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File systems became read-only on virtual guests on VMware

Filesystem entered ready-only mode, and the following SCSI I/O fault incidents were recorded in syslog messages.

kernel: sd 0:0:0:0: timing out command, waited 1080s
kernel: sd 0:0:0:0: Unhandled error code
kernel: sd 0:0:0:0: SCSI error: return code = 0x06000008
kernel: Result: hostbyte=DID_OK driverbyte=DRIVER_TIMEOUT,SUGGEST_OK

If the failover occurs before the timeout, everything will proceed as usual. If the timeout is increased, more time is given for the failover to take place.

Increase the SCSI timeout of each disk presented from VMWare

Increase the hung task timeout value by roughly two or three times the new device timeout value when increasing the device timeout value. This will delay the execution of the hung task logic until after the IO has timed out and had at least one retry. There are various ways to implement this setting.

Option 1

Install the most recent version of VMware-tools, which includes udev rules that modify the SCSI timeout default. The rules are often available in the file 99-vmware-scsi-udev.rules in /etc/udev/rules.d.

Option 2

Make a rule in /etc/rc.d/rc.local that modifies all system disks' timeout values during system startup.

# cat /etc/rc.d/rc.local



# This script will be executed *after* all the other init scripts.

# You can put your own initialization stuff in here if you don't

# want to do the full Sys V style init stuff.

touch /var/lock/subsys/local

# Increase SCSI timeout on all SCSI disks attached to the system at boot time

echo 180 > /sys/block/sd*/device/timeout

Option 3

Make your own udev rule to modify the timeout each time a disk is connected to the system. This applies to both the boot process and system operation.

For Centos 7 and Centos 8 (systems):

 cat /etc/udev/rules.d/99-scsi-timeout.rules
KERNEL="sd*", SYSFS{vendor}="VMware", SYSFS{model}="Virtual Disk", ATTR{device/timeout}=180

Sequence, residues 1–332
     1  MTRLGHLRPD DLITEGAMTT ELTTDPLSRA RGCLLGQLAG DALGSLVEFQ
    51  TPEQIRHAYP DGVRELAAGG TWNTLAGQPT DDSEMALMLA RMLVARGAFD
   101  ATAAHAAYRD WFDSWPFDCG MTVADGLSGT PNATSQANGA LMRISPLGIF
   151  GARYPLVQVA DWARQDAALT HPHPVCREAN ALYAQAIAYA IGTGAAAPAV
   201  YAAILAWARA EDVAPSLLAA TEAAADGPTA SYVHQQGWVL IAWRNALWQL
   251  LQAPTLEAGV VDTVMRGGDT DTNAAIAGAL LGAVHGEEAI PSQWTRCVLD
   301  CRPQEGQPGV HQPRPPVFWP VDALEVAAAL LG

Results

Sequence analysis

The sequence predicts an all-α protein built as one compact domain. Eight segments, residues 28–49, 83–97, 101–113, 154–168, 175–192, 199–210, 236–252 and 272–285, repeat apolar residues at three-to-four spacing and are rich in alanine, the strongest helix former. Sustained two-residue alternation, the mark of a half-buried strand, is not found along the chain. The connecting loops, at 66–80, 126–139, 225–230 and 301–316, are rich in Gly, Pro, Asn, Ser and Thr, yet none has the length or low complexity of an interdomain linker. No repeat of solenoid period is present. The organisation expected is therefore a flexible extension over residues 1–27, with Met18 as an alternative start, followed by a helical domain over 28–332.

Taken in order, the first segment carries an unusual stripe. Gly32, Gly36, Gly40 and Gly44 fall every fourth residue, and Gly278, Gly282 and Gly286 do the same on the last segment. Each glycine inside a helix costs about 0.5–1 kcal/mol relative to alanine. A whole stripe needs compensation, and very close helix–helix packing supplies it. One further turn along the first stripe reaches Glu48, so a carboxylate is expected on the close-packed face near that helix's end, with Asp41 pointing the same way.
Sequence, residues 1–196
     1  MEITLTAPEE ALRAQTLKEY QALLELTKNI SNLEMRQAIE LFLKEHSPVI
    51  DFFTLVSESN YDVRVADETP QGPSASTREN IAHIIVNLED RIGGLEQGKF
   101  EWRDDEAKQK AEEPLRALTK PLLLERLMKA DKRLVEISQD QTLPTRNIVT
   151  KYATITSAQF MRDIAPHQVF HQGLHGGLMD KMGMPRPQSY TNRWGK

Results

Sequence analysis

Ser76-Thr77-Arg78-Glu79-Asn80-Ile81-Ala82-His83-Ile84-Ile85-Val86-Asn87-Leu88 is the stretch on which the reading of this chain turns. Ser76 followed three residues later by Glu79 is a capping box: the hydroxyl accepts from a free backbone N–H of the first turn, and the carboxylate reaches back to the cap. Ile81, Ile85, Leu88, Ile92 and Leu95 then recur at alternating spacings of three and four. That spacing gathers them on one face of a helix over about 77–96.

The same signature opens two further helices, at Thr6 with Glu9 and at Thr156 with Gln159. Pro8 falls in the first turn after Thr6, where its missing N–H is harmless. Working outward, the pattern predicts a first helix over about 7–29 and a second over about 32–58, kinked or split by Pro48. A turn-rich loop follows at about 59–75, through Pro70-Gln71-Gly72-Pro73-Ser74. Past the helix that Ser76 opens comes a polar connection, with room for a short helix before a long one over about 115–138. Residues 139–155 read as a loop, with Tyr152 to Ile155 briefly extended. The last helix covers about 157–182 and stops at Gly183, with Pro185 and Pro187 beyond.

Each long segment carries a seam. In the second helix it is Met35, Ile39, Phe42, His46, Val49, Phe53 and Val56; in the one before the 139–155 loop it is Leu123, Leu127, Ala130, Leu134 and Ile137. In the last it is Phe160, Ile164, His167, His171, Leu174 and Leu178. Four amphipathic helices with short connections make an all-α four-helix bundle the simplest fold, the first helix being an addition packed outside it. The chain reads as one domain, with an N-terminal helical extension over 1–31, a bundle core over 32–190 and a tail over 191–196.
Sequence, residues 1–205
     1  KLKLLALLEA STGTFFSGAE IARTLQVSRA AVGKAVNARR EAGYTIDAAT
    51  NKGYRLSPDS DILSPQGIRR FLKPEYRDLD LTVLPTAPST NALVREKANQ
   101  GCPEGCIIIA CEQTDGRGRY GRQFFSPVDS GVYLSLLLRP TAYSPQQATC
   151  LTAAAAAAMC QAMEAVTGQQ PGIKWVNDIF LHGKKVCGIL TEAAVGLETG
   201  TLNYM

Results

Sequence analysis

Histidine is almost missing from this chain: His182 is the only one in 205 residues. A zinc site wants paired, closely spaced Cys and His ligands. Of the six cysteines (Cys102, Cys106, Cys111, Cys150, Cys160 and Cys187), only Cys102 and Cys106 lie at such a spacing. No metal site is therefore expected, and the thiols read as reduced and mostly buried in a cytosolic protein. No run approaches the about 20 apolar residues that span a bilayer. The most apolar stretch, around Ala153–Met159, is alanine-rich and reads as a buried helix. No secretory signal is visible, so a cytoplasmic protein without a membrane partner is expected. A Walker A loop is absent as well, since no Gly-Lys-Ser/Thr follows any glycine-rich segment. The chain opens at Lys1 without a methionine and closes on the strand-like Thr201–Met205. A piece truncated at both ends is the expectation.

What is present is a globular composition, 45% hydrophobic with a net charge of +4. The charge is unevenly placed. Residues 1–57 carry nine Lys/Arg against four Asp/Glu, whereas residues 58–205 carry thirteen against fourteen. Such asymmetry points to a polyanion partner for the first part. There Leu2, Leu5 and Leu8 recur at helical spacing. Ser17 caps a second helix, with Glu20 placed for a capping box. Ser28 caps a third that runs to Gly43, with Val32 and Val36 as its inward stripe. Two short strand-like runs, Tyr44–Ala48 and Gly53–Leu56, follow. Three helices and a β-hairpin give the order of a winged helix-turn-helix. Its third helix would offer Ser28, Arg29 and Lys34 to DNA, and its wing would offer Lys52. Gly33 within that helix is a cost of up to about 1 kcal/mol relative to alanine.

For Centos 4, 5, 6 (systemv):

# cat /etc/udev/rules.d/99-scsi-timeout.rules
KERNEL="sd*", SYSFS{vendor}="VMware", SYSFS{model}="Virtual Disk", NAME="%k", PROGRAM="/bin/sh -c 'echo 180 > /sys/block/%k/device/timeout'"

Option 4

Use device-mapper-multipath with the queue_if_no_path option set, even if there is only one path. This will stop errors from spreading back to the filesystem by forcing the device mapper to retry failed I/Os endlessly until they succeed.

The drawback to this strategy is that if the storage never returns, there will be I/O requests locked in the multipath layer, making it impossible to unmount the disk without restarting the OS. Additionally, more data will likely be lost since more data may be queued before any program detects an issue.

Maximum allowed device timeout value

A suggested starting point is 180 seconds. More significant numbers can be required depending on the available storage type, the number of guests, their priority, the total I/O burst load across all guests, and other variables.

The internal kernel variable is in milliseconds, however, the kernel's maximum timeout value is 0x7FFFFFFF.

0x7FFFFFFF = 2147483647 / 1000ms = 2147483 seconds or about 25 days.

# echo 2147483 > /sys/block/sdc/device/timeout

# cat /sys/block/sdc/device/timeout


Of course, you wouldn't want to make it so high, but in VMware setups, timeout settings of 180, 360, 600, or even a little bit higher are fairly uncommon. Which value is required again depends on the aforementioned elements: storage type, visitor count, I/O load, visitor priority, etc.

Changing /proc/sys/kernel/hung_task_timeout_secs to track new timeout value

A process remains in the "D" state as it waits for I/O to finish. A warning message and a kernel stack dump are output to messages if a process waits longer than the hung task timeout secs seconds for the process to exit the D state. The hung task timeout secs are typically set to 120 seconds with a default I/O timeout value of 60 seconds.

To prevent hung task output while the timeout value for I/O is still active, the hung task timeout secs should also be increased if the timeout value is increased. It is advised to set hung task timeout secs to at least I/O timeout+60 seconds and a maximum of twice the timeout value.

# echo <value in seconds> > /proc/sys/kernel/hung_task_timeout_secs

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